When I recently spoke with composer Austin Wintory about his score for Assassin’s Creed Syndicate he mentioned several things he believes are important to keep in mind as a young and aspiring composer. Here’s what he told me:
I try to make every project have something new that I don’t think I’ve ever done before. I always try to push myself to feel like I’m uncovering some new hidden gem beneath rocks that I kick over. I don’t know if I always succeed but that’s always the goal and Assassin’s Creed Syndicate was not different. It actually didn’t matter the size of the project or the scope of the game and so the advice that I tend to give is never technical advice, it’s never even musical advice.
I think a lot of composers when they’re first starting out are very self-conscious and afraid because they don’t know how they are going to build a career. I don’t blame them for feeling that way, I felt that way for a long time as well. So what I always want for them is to feel encouraged to have strong opinions and convictions. If they end up becoming generic people they are going to write generic music and there is an overabundance of generic music out there. The market is pretty saturated. And so the only way that people are going to be able to actually get work is by not being generic.
The way you succeed in that, at least my feeling on the matter, is by going out and leading an interesting life so that your experiences that you draw from when composing are unique to the life you’ve led. That will then in turn lead you to have strong and perhaps abnormal opinions on things. The simplest way to describe it is they should be divisive. They should go out and be divisive. In other words they should have strong opinions that they are not afraid of turning people off with because they are also going to turn other people on. People that are going to become very excited by their ideas and their work.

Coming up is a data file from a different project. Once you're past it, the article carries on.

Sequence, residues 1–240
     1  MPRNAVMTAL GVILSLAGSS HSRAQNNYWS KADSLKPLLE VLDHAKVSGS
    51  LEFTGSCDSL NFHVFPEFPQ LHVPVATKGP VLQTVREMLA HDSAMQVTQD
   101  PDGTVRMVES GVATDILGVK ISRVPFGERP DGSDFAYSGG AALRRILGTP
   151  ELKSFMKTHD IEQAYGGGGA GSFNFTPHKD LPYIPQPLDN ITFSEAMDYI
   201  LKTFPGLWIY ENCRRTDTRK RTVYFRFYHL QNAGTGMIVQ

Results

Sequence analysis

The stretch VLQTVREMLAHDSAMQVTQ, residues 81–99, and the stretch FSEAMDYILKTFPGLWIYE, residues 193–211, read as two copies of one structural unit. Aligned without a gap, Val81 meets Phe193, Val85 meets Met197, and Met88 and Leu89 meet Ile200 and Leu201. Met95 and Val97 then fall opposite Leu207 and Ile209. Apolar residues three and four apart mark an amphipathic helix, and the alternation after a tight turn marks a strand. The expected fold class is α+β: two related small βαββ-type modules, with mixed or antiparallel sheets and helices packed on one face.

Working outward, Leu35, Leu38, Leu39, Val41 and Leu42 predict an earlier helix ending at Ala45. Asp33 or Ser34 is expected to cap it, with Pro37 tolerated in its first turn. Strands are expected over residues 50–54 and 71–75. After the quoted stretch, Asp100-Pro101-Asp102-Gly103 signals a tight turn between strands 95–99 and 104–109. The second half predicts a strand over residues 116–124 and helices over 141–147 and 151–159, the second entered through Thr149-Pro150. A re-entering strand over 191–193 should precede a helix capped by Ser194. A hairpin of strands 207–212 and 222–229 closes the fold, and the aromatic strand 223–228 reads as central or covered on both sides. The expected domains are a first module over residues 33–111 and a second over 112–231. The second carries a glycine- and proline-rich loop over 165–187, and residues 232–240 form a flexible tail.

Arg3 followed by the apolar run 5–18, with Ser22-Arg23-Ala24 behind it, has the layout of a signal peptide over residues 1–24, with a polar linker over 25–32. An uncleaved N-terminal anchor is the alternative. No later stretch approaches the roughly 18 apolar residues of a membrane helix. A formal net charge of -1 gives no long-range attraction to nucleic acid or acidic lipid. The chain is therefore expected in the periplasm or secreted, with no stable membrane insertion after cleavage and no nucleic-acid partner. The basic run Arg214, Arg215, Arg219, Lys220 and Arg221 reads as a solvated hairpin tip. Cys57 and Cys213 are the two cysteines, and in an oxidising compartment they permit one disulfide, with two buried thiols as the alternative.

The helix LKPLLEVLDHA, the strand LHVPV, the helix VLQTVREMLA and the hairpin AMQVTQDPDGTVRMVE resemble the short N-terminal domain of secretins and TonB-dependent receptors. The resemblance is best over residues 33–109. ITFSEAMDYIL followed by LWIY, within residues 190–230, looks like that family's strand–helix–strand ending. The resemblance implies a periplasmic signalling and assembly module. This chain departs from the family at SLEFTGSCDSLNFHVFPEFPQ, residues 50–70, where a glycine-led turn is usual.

But all your instincts as a young composer fight against that. You are asked what you think and very often in an interest of just being well liked by whoever you’re talking to you’ll say just any old thing like “What do you think?” or something like that sort of a copy-out. I always want young composers to feel like: “No, your opinion is actually quite valid and quite interesting.” It doesn’t come naturally to most young composers.